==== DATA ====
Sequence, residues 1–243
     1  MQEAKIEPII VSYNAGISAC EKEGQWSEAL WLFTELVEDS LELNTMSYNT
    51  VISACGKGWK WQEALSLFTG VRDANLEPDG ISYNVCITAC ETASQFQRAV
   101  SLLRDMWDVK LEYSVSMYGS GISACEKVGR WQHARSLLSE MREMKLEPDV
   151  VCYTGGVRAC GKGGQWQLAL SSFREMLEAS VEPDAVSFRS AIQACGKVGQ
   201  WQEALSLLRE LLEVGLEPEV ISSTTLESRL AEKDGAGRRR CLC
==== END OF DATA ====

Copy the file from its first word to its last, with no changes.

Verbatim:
Sequence, residues 1–243
     1  MQEAKIEPII VSYNAGISAC EKEGQWSEAL WLFTELVEDS LELNTMSYNT
    51  VISACGKGWK WQEALSLFTG VRDANLEPDG ISYNVCITAC ETASQFQRAV
   101  SLLRDMWDVK LEYSVSMYGS GISACEKVGR WQHARSLLSE MREMKLEPDV
   151  VCYTGGVRAC GKGGQWQLAL SSFREMLEAS VEPDAVSFRS AIQACGKVGQ
   201  WQEALSLLRE LLEVGLEPEV ISSTTLESRL AEKDGAGRRR CLC